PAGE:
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Pennsylvania judge raises $427,000 for uncontested race
NEW YORK |
NEW YORK (Reuters) - What does it cost to hold onto a spot on a state supreme court bench?
When the bench is in Pennsylvania, more than $427,000.
With a month to go in an uncontested retention election, J. Michael Eakin, a justice on Pennsylvania's Supreme Court, has raised about $427,000 so far for his campaign to keep his seat.
Eakin, a Republican who was first elected to the Pennsylvania high court in 2001, faces a simple up or down vote on November 8 by the state's electorate.
While Eakin's race is by definition uncontested, he may be gathering a war chest in case there is a last-minute effort to oust him, according to Lynn Marks, executive director of Pennsylvanians for Modern Courts, a Philadelphia-based nonprofit that advocates for impartial state courts.
"I suspect that the reason that his campaign is raising money is just in case there is an attack, he would have resources to fashion a response," she said.
"I haven't heard about any controversial opinions that Justice Eakin has authored that would make him a target, and I haven't sensed an overall anti-judge mood in the state," she said.
Robert Graci, a lawyer for Eakin's retention committee, said the justice was not facing any immediate challenge.
"We haven't heard of anything this year, but these things can crop up," said Graci.
Many states hold retention elections as a way to give citizens a say on approving or disapproving of sitting judges while avoiding contentious, partisan elections.
In some states, retention elections have descended into bitter battles. In 2005, for the first time in the state's history, voters in Pennsylvania ousted a high court justice after voters expressed their anger over a pay raise for judges and elected officials.
And in Iowa three supreme court justices were voted out of office last year after voters were dissatisfied with a decision legalizing same-sex marriage.
"In the past, through the early part of this century, nothing much was done in these kinds of elections; everybody hoped to skate by," said Graci, of Eakin's campaign. "That has changed, certainly in Pennsylvania."
Judicial elections have become a big business across the states, with fundraising on high court candidates doubling in the decade between 2000 to 2009 from the decade that preceded it, according to Justice at Stake, a Washington-based organization that advocates against money in judicial politics.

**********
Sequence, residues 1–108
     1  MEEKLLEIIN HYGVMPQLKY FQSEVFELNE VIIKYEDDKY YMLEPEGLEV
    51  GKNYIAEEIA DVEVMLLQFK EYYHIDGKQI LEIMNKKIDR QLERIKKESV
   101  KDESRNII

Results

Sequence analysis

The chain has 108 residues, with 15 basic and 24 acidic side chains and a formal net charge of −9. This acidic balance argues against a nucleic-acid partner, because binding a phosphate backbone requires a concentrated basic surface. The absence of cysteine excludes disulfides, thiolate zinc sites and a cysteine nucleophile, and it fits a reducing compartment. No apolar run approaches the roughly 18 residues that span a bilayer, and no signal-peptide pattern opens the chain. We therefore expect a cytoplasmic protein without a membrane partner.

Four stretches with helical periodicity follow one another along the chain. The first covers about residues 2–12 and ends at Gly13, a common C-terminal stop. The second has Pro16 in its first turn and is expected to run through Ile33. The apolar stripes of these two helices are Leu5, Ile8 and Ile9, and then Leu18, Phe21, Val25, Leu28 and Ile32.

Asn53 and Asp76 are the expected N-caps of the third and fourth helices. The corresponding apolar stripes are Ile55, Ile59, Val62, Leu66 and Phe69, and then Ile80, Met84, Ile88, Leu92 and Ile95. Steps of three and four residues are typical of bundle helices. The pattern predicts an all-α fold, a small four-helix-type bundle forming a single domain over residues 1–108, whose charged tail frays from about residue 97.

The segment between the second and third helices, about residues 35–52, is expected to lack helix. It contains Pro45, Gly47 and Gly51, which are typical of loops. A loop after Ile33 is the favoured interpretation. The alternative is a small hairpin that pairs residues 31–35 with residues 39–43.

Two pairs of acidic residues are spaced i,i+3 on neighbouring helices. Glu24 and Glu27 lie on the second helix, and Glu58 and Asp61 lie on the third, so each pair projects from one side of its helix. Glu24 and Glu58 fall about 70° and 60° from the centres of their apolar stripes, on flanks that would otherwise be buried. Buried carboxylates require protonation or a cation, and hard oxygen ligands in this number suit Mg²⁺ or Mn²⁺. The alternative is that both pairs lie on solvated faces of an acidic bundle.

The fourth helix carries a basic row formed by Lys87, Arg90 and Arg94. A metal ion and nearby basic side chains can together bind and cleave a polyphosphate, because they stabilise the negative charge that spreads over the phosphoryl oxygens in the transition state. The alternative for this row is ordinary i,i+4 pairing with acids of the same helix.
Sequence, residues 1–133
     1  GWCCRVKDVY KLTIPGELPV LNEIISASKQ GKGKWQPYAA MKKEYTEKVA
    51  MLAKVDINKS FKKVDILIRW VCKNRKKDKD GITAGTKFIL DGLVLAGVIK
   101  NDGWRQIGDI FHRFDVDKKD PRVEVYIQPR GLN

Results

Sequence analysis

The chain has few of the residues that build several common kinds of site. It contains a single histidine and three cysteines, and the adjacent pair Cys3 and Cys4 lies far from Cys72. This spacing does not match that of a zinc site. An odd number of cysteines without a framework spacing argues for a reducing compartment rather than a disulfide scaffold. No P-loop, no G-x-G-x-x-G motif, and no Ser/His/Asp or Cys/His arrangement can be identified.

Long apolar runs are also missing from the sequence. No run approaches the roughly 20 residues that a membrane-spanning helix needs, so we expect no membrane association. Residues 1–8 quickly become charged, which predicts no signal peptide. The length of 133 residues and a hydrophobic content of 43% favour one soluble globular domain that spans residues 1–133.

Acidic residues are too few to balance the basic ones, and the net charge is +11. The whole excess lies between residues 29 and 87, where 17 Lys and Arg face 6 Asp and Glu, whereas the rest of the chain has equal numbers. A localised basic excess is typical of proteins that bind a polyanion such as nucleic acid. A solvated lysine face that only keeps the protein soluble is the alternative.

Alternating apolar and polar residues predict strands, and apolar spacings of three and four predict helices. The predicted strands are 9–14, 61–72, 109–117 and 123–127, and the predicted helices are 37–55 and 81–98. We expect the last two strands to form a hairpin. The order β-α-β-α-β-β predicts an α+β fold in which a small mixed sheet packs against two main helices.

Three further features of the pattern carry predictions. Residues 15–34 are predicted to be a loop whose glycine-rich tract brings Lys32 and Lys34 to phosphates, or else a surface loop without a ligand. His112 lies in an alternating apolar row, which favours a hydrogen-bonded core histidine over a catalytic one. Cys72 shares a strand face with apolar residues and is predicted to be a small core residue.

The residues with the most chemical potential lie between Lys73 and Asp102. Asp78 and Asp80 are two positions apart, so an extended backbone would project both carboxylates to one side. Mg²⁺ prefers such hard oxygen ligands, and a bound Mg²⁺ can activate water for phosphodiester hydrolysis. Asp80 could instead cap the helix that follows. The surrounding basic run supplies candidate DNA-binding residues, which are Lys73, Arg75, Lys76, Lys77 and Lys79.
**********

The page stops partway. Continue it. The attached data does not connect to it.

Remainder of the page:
Pennsylvania was third-highest on the list for total spending on high court elections, behind Alabama and Ohio, with candidates spending more than $22 million during the decade ending in 2009, according to the group.
The last time there was a judicial retention election in Pennsylvania, in 2007, Republican Supreme Court Justice Thomas Saylor raised about $627,000 in the whole election season, according to Follow the Money, which tracks state election fundraising. He won the election with 67 percent of voters choosing to retain him.
In the Eakin race, there is more than a month remaining, and contributions are likely to rise as the campaign season wraps up and Eakin holds more fundraisers, said Marks.
The most recent reporting period, from June 6 to September 19, was the most fruitful for Eakin yet, with Eakin's fund Friends of Mike Eakin raising $254,000, according to data from the Pennsylvania Department of State.
Pennsylvania does not have any limits on campaign contributions from individuals and political action committees, and does not have any rules requiring judicial recusal when a judge hears a case involving a contributor.
The American Bar Association in August passed guidelines urging individual states to strengthen their standards and procedures for judicial disqualification.
(Reporting by Carlyn Kolker)
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